Here’s what Trump’s back-to-work bonus could look like

The administration confirmed a bonus for returning to work is under consideration

Republicans are resisting an extension of the $600 expanded unemployment benefit implemented as part of the CARES Act in March, and the Trump administration has instead pushed a so-called “back-to-work bonus.”

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The goal of the bonus would be to provide an incentive for people to reenter the marketplace.

White House economic adviser Larry Kudlow told reporters on Friday that an additional stimulus package would include unemployment reforms and possibly a bonus for going back to work.

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While the White House has not put forth an idea of its own, there are a number of proposals already circulating that are considered back-to-work bonuses.

Here’s a look at what they are:

$450 weekly bonus

Ohio Republican Sen. Rob Portman has a plan that would provide individuals returning to work with a temporary $450 a week payment on top of their wages for several weeks.

“This would encourage folks to continue safely returning to their old jobs or newly available jobs while bolstering the economy,” Portman said in a statement.

Kudlow called Portman’s plan a “good idea” during an interview with Fox News.

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$1,200 worth of payments

Texas Republican Kevin Brady has proposed turning unemployment benefits into a bonus for returning to work.

Specifically, it would give workers two weeks’ worth of $600 payments if they find a job, or $1,200.

“Unless we can reconnect these workers with these Main Street businesses soon, that business may no longer be there” the Republican leader of the House Ways and Means Committee said in a statement. “This proposal is an important part in preventing a prolonged recession.”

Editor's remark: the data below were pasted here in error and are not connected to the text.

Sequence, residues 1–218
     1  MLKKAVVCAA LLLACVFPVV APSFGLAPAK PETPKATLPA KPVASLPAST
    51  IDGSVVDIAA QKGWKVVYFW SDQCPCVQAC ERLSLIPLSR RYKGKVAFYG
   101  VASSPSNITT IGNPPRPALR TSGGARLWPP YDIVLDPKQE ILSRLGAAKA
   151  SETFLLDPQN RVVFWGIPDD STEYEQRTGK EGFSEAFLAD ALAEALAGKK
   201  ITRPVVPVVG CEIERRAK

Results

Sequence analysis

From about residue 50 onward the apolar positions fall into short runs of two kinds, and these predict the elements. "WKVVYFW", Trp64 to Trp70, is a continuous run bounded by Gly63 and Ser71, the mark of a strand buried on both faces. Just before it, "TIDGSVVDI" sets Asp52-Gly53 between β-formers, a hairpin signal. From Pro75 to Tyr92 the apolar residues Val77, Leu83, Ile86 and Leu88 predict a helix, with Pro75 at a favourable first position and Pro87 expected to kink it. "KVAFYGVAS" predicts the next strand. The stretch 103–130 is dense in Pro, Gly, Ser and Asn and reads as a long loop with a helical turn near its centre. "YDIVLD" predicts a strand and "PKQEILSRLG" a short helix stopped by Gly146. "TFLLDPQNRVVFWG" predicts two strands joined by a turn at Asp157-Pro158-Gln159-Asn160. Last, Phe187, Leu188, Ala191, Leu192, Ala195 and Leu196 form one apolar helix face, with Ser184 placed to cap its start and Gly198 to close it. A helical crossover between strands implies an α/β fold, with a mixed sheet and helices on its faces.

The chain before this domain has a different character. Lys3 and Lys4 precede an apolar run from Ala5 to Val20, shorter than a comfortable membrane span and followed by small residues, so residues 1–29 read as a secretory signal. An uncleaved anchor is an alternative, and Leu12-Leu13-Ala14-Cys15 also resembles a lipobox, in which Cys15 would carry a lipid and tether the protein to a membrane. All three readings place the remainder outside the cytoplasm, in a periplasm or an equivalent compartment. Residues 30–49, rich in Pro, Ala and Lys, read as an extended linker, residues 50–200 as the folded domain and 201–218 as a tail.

Brady is among Republicans who believe the additional $600 distributed as unemployment insurance under the CARES Act has forced business owners to compete in order to lure workers back to their jobs.

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Brady is among Republicans who believe the additional $600 distributed as unemployment insurance under the CARES Act has forced business owners to compete in order to lure workers back to their jobs.

The additional $600 benefit will expire on July 31, without action from lawmakers. More than 19 million individuals were receiving these benefits as of the end of June.

Economists are warning that, without those funds, the U.S. economic recovery could be derailed because unemployed individuals may not be able to meet their regular payment obligations.

Further, these individuals will be less likely to go out and spend money. Consumers influence the production of goods and services, which in turn influences job creation.

In fact, according to the Bureau of Labor Statistics, personal consumption expenditures are the main generator of employment in the economy.

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